Impacts of Climate Change to Road Infrastructure

When World Economic Forum presented their Global Risk Report 2016, extreme weather events and failure of climate change mitigation and adaption were recognized as some of the very top risks, as well as in likelihood as in impact. Ten years earlier none of these two risks where among the top. However over just the last few years the importance of these risks has risen.

Impacts of Climate Change to Road Infrastructure

Climate Change Background

As the UN has pointed out in the IPCC Fifth Assessment Report and in the Sendai Framework for Disaster Risk Reduction, it is crucial for countries to work with climate change adaptation and to increase resilience. The infrastructure sector is often highlighted as a very important sector to work on. Being the physical backbone, a society without a functional infrastructure will face severe problems.

Climate related risks in Bosnia and Herzegovina were emphasised by the 2014 floods, which led to more than 20 deaths, 90.000 people displaced and millions of dollars in damages. These floods, which affected bridges, roads, homes, electricity distribution, dams and flood protection infrastructure, highlight the need to factor climate risks into decisions regarding investments in short and long-term infrastructure assets.

After the 2014-year flood, FBiH has been offered help from several different donor-funded programs. Some of them, like different flood recovery programs, started directly in 2014. The other programs, as for example the Landslide Disaster Risk Management and the Technology Transfer for Climate Resilient Flood Management in Vrbas River Basin, started later. Some programs, like the World Bank’s airplane scans of terrain and waters are still to start.

Already before the flooding, BiH was aware of the problems with extreme weather and therefore a National Platform for Disaster Risk Reduction was launched in 2013. The same year a Climate Change Adaptation and Low Emission Development Strategy was adopted. However, BiH faces significant institutional, financial and human resource constraints to address climate change issues. Working with climate change adaptation and building a resilient society is complex. It requires for example access to different types of knowledge, such as climate projections and their impacts on natural hazards. It also requires a profound understanding of the situation and a wish to collaborate to reach common goals. In countries or in sectors with limited funds, the need to prioritize and to focus on the most useful work is a must.

Opis slike

The impacts of climate change have potentially serious implications for roads, which are critically important for the economic development of EBRD’s region of operations. In order to increase climate resilience in the EBRD’s countries of operations, the Bank is systematically integrating climate risk assessments and adaptation measures in its investment operations.

In 2015, EBRD carried out a Study of road climate change adaptation in FBiH. The report pointed out, among other things, the need of a better understanding of the relationship between weather and road network, the need for collaboration with other stakeholders and the need to develop an approach to deal with climate change adaptation.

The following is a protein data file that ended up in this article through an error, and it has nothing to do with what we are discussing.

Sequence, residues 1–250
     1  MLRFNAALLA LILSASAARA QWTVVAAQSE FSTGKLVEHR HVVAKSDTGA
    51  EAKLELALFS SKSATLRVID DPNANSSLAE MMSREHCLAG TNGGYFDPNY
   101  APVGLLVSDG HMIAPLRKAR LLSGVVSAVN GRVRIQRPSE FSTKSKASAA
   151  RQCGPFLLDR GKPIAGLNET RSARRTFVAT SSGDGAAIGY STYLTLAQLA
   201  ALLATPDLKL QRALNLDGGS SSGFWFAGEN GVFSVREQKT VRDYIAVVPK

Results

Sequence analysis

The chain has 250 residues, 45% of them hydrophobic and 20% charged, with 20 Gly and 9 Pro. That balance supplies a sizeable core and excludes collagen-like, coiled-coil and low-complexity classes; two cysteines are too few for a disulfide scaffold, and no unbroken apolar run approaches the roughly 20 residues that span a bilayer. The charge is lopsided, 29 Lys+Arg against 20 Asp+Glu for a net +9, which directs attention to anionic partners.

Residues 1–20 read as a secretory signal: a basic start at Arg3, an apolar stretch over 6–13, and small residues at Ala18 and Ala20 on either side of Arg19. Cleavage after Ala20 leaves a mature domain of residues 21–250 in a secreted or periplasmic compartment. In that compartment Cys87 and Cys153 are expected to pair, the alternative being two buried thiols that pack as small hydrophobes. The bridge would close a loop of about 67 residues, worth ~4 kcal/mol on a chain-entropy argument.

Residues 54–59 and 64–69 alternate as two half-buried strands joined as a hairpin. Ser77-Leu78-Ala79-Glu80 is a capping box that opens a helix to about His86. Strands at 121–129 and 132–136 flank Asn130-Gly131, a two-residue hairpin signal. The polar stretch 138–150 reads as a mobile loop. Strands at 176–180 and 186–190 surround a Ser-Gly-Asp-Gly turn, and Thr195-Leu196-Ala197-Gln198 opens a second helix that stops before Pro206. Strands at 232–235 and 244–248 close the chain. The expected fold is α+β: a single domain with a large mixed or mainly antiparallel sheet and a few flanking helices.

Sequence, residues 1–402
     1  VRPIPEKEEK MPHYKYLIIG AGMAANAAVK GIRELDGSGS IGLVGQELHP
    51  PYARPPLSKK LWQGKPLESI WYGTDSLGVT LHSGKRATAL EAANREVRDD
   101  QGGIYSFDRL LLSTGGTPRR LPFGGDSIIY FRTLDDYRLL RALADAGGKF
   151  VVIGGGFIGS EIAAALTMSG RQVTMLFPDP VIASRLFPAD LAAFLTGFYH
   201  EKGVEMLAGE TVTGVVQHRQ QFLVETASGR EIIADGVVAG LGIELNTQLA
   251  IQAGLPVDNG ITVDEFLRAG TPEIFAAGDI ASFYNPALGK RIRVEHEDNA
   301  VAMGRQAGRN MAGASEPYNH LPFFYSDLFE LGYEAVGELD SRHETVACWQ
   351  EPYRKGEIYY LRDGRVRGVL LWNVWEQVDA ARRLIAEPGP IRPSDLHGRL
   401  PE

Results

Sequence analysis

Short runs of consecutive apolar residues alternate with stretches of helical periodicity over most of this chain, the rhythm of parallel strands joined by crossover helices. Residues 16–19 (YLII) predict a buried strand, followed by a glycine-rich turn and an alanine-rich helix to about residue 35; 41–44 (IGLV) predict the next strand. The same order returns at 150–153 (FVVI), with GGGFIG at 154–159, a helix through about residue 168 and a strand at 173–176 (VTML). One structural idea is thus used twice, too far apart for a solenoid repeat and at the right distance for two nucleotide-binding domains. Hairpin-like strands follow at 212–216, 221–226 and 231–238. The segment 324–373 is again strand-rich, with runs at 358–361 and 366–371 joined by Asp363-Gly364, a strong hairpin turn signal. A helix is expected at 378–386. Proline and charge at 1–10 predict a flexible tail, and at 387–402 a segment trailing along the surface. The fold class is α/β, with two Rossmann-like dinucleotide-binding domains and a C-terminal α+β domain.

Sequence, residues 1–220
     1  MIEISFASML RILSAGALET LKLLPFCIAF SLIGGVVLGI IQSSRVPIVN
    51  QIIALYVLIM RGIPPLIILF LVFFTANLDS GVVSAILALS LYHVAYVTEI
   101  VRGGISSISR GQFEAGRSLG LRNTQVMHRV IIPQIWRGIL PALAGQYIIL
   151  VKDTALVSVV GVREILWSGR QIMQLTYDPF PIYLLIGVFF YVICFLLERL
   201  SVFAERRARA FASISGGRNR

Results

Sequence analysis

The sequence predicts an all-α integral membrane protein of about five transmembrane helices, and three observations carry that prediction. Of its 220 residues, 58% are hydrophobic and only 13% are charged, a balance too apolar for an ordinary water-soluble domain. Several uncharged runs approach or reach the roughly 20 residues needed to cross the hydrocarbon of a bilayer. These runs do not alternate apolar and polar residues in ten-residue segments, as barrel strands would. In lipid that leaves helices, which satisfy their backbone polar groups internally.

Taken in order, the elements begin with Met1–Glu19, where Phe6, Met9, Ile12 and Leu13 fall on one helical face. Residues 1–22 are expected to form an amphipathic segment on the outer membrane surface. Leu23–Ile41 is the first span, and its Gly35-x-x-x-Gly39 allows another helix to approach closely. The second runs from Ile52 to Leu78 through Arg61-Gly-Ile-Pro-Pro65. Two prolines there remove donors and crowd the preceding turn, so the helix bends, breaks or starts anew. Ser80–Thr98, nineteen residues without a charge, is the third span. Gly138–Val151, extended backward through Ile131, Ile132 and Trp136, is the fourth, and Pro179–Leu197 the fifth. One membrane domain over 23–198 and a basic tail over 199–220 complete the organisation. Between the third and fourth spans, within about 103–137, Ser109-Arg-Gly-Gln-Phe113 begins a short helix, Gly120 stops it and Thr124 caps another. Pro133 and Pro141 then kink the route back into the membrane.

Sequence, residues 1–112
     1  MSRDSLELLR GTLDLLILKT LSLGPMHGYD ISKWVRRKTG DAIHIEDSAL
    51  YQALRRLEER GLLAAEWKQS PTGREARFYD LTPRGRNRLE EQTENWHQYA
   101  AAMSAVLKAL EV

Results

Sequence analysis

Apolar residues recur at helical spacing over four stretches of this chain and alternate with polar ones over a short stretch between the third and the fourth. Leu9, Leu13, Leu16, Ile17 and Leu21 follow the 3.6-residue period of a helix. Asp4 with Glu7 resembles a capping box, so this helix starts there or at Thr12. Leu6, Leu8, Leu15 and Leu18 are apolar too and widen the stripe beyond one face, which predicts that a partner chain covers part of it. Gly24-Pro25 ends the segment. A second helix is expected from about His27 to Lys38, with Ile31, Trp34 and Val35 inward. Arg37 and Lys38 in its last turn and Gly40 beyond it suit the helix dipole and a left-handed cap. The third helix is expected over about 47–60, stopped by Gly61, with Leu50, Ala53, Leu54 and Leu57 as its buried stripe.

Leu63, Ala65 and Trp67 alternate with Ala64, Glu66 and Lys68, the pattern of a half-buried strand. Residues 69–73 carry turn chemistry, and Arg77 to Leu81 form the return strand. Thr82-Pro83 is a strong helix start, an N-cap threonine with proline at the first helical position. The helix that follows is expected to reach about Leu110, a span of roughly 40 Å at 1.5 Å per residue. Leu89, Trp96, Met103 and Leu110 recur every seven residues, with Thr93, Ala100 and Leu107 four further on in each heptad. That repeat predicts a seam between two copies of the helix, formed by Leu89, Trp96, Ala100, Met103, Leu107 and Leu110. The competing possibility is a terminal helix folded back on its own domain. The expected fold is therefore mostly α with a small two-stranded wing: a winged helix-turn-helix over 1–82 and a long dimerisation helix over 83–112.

The investment in FBiH consists of a loan of € 65 Million to rehabilitate 34 sections across the country including bridges, tunnels and new bypasses. In addition to the investment project, EBRD sought technical assistance via a tendering project. The objectives in the project were to:

  1. Support PC Roads of the FBiH in establishing an institutional framework for assessing, managing and communicating climate risks to the road network;
  2. Support PC Roads of the FBiH in assessing climate risks to the road network and in mapping specific vulnerabilities;
  3. Support PC Roads of the FBiH in developing an adaptation strategy to climate change;
  4. Call-down support to PC Roads of the FBiH for the implementation of climate resilience measures under the associated investment project.


Stakeholders and Partners

The four most important stakeholder/ partners for adaptation to climate change are: Federal Hydro-Meteorological Institute, Sava River Basin Agency, Adriatic Sea Watershed Agency and Federal Administration for Civil Protection. The data and assistance these agencies provide is subject to change because of climate impact. Therefore, more work has been dedicated to arrangements between PC Roads of the FBiH and these institutions.

Federal Hydro-Meteorological Institute (FHMZ)

Sava River Basin Agency and Adriatic Sea Watershed Agency

Federal Administration for Civil Protection

Risk Assessment of Road Sections with Respect to Natural Hazards

Main part of any risk assessment is a three-step process: risk identification/ recognition, risk analysis and risk evaluation.
This estimation of probability and consequences gives a level of threat. The level of threat is combined with an assessment of the road importance (value) and vulnerability, in order to obtain a final risk assessment. The road value can be assessed, for example, by the level of traffic or the share of freight transport. Vulnerability can be assessed on the basis of total traffic load (existing, non-existing, adequate or non-adequate) and existing or non-existent adaptive capacity to manage events that may occur.

Examples of risk assessment of chosen road sections: